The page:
• Garage Screen - This was the screen that served as the information overload that PongRPG really included.  The Garage was essentially a large menu of sub-menus allowing you to customize your paddle, view gameplay statistics, change game options, and view the XP and items earned from a previous match.

  • Match Screen - This is where the player would probably spend a majority of their time, the screen that they would actually play the game at.  This screen included the majority of the gameplay, a 3 tab-pause menu which allowed the user to exit the game and the match, and some tutorial popups to teach the player how to play the game.

Man, that game sounds awesome, it probably was perfectly coded and bug free!

Sorry, but no and no.  Forgiving any AI or collision bugs due to my beginner code in both areas, there was plenty more wrong with the game.  At this point, I was so sick of developing it, I released a version on my website and ran into one of the biggest problems of the game.

I utilized a library XNA GS had included that would allow you to see an on-screen prompt, similar to the Xbox OS, so players could enter their save slot name.  Unfortunately, at the time of development/release, this library was not included in the XNA redistributable, meaning to run the game you needed to install the following:

  • Visual Studio 2005

  • Recent Visual Studio Patches/Updates

  • XNA SDK (which required the patches/updates)

By developers, for developers, am I right?  Absolutely not, this was the first major failure of PongRPG.

Second, after a few months of clearing my head of the project I ran across the XNA Platformer Starter Kit which is pretty much a fully built 2D platformer that showed off some nifty stuff XNA could do.  The one item that caught my eye was the fact that the levels were loaded through a simple text file.  Pretty much, the engine grabbed the text file, parsed out the characters, and matched the character to a map containing that character and the related texture.  Since the text files were loaded at runtime and didn't need to be compiled (like most content in XNA) you could simply update a single character in a text file to change one enemy from a zombie to a monkey.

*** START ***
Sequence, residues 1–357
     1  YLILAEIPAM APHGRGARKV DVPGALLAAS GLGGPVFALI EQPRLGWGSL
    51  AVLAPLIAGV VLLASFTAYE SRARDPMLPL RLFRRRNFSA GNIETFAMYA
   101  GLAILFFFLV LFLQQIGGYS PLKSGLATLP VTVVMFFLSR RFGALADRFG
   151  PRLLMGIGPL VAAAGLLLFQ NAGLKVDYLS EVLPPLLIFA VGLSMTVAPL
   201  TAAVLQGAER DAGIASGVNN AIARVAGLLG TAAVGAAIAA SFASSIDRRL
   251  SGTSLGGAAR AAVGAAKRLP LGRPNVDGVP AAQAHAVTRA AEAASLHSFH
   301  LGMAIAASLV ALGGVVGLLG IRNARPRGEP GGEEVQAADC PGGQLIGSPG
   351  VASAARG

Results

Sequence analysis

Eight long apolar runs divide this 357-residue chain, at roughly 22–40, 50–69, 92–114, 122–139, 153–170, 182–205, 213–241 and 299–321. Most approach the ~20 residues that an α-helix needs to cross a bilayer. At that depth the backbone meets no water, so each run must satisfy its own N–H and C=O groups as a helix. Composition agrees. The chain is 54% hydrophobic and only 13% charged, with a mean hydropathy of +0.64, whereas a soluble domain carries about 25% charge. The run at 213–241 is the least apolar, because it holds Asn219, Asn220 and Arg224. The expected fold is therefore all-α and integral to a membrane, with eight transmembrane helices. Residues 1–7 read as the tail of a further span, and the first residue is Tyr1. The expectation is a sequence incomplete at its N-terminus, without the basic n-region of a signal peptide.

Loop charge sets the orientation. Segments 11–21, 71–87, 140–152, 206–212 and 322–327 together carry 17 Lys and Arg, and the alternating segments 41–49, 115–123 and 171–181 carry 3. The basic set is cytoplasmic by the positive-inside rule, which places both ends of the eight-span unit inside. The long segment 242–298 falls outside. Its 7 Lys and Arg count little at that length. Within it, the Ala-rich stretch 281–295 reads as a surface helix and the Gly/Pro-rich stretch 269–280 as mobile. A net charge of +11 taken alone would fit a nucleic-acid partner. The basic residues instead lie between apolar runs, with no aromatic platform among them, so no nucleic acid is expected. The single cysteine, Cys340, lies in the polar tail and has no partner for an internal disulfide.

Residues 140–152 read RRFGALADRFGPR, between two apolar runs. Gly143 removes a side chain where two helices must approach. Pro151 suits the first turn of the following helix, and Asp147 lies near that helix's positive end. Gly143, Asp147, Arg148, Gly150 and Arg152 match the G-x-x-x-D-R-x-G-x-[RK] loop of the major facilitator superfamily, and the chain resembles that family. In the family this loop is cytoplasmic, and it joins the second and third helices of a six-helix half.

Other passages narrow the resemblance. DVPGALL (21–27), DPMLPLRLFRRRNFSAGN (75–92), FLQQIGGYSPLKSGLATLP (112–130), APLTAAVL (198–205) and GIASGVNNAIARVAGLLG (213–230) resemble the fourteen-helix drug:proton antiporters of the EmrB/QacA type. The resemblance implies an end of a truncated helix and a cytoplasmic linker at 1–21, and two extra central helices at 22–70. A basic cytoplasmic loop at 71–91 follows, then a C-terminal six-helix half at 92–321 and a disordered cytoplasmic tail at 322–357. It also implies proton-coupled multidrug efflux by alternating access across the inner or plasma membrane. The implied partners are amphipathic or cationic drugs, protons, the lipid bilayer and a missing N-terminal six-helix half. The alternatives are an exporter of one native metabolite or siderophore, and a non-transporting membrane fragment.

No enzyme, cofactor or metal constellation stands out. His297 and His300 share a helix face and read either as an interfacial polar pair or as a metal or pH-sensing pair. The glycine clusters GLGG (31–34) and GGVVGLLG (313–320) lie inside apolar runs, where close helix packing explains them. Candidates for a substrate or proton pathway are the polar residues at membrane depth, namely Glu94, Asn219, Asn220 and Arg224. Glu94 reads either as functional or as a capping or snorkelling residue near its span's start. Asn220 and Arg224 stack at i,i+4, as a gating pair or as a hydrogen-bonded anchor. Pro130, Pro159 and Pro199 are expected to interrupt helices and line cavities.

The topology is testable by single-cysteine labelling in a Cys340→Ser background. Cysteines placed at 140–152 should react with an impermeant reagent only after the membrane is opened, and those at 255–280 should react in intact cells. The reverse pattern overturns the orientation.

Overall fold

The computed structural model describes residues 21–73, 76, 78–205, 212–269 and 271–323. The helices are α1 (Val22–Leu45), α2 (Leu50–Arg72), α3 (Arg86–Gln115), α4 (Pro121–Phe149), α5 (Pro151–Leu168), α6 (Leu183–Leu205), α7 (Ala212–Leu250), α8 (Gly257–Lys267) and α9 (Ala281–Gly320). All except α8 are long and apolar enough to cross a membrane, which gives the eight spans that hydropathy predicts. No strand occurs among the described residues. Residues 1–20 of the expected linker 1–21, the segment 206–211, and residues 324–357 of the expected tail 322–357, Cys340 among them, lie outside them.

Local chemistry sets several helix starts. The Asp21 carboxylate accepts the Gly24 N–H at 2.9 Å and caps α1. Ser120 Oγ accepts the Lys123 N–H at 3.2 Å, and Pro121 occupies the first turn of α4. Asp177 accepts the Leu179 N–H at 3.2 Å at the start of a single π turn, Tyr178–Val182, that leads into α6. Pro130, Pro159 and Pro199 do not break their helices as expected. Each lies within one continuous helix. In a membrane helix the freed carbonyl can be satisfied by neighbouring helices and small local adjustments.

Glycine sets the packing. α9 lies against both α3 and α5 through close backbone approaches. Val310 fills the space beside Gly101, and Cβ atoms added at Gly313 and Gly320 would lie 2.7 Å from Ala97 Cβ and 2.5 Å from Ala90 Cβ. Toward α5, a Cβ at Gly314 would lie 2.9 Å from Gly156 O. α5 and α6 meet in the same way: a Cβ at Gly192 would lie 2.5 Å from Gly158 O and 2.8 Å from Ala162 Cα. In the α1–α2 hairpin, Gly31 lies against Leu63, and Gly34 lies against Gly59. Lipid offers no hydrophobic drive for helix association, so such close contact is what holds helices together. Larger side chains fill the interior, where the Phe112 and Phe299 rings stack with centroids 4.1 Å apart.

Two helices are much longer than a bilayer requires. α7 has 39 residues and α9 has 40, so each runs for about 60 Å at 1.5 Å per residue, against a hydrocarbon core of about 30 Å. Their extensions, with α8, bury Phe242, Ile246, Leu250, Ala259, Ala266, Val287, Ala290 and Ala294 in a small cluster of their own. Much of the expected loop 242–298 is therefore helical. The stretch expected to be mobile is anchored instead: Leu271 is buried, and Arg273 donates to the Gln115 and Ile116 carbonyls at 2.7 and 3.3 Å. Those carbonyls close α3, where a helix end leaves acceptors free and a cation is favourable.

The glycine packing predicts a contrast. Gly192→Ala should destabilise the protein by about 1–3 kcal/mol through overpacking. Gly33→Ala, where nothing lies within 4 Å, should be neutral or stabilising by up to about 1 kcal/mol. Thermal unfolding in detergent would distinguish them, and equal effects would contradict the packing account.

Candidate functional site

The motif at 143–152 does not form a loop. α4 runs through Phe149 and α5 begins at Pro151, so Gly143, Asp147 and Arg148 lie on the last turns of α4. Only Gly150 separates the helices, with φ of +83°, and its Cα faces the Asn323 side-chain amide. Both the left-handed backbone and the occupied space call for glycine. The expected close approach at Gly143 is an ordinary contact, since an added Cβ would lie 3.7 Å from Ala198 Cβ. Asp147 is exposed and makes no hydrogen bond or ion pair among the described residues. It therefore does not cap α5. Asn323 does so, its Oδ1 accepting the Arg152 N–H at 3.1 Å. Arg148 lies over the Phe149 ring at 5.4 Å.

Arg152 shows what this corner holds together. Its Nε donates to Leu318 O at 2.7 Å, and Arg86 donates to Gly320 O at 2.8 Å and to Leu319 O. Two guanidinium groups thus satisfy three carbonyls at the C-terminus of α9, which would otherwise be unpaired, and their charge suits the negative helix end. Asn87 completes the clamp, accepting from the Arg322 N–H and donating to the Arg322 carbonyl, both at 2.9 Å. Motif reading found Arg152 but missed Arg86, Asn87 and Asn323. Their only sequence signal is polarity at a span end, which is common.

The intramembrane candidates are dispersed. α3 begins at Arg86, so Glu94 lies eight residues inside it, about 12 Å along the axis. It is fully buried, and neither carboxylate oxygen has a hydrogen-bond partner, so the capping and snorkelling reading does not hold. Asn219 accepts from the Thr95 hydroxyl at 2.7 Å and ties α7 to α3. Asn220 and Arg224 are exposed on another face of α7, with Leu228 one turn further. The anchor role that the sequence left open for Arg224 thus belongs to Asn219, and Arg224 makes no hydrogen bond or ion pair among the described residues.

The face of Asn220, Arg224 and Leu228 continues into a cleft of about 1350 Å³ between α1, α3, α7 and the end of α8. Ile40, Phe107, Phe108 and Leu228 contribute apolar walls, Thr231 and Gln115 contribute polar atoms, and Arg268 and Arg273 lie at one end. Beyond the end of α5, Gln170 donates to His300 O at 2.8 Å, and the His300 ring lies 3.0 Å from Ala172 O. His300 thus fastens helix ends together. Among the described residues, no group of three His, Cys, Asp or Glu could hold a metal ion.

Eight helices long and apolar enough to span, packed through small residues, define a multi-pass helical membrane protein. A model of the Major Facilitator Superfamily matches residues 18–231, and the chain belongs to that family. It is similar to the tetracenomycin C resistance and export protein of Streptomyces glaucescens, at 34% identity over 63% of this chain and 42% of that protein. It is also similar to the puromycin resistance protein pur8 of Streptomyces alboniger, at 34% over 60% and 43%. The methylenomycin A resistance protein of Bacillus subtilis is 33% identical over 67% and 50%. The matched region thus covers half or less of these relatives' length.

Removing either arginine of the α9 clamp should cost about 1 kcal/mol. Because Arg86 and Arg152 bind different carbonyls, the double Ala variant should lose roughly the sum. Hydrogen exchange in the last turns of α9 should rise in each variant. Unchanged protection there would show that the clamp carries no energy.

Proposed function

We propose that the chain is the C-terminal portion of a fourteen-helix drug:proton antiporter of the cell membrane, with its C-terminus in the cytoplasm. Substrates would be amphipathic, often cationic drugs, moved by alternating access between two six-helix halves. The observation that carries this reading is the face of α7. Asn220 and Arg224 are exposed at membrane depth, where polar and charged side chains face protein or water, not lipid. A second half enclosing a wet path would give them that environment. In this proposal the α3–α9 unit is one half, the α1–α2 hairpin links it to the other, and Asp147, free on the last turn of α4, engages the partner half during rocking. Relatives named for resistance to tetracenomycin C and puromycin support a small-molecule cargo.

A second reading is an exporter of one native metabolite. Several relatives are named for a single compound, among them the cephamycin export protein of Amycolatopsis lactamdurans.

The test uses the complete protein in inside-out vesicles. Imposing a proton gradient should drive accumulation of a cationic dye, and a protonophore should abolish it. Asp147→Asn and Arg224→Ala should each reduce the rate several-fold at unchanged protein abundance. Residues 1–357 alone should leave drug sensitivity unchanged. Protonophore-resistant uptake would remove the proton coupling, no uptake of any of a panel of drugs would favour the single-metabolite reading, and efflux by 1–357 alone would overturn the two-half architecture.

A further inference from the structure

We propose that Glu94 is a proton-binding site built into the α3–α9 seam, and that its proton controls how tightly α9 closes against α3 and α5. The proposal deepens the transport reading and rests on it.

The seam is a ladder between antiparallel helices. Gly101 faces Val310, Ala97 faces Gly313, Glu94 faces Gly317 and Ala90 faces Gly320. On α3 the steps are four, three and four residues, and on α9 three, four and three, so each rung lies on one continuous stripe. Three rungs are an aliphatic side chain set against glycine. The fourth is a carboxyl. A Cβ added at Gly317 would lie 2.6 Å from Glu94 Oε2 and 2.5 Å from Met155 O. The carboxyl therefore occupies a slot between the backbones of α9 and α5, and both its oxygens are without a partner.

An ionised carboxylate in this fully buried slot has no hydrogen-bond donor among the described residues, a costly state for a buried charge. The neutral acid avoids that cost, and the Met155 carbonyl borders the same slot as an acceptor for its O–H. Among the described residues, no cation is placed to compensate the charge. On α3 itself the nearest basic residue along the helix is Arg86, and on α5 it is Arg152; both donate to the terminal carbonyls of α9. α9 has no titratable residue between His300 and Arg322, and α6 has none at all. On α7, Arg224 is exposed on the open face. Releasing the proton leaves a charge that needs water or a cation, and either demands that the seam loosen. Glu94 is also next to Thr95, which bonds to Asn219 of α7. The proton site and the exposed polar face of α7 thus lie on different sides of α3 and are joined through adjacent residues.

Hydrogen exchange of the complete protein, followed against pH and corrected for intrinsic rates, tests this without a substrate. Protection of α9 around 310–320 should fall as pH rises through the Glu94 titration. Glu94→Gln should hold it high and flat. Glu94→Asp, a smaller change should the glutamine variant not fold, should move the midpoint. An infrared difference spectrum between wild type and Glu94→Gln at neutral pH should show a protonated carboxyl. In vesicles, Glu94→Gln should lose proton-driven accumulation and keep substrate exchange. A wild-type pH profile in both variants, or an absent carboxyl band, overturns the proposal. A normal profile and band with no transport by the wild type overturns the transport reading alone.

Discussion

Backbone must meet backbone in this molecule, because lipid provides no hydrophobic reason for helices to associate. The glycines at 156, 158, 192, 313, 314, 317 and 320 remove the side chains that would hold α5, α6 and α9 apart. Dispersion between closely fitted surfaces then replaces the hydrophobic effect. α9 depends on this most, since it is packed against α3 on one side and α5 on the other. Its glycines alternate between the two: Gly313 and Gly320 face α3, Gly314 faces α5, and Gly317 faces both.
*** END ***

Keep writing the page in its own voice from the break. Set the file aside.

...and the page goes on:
In contrast, the code for PongRPG was 100% hardcoded to the content in the project.  For example, there was at least 1 line of code for each sprite that specified what textures to use, the sprite position, scale, and rotation.  Each sprite also contained a unique String handle that was assigned here as well.  In later code, when I wanted to move the player, instead of updating the player objects position (like a good programmer), I specifically called each handle and updated it.  This lead to hundreds of lines of extra code that could have been handled by an iterator over objects with sprites loaded at runtime.

PongRPG needed to change; we can rebuild it, we have the technology.

Continued in Part 2...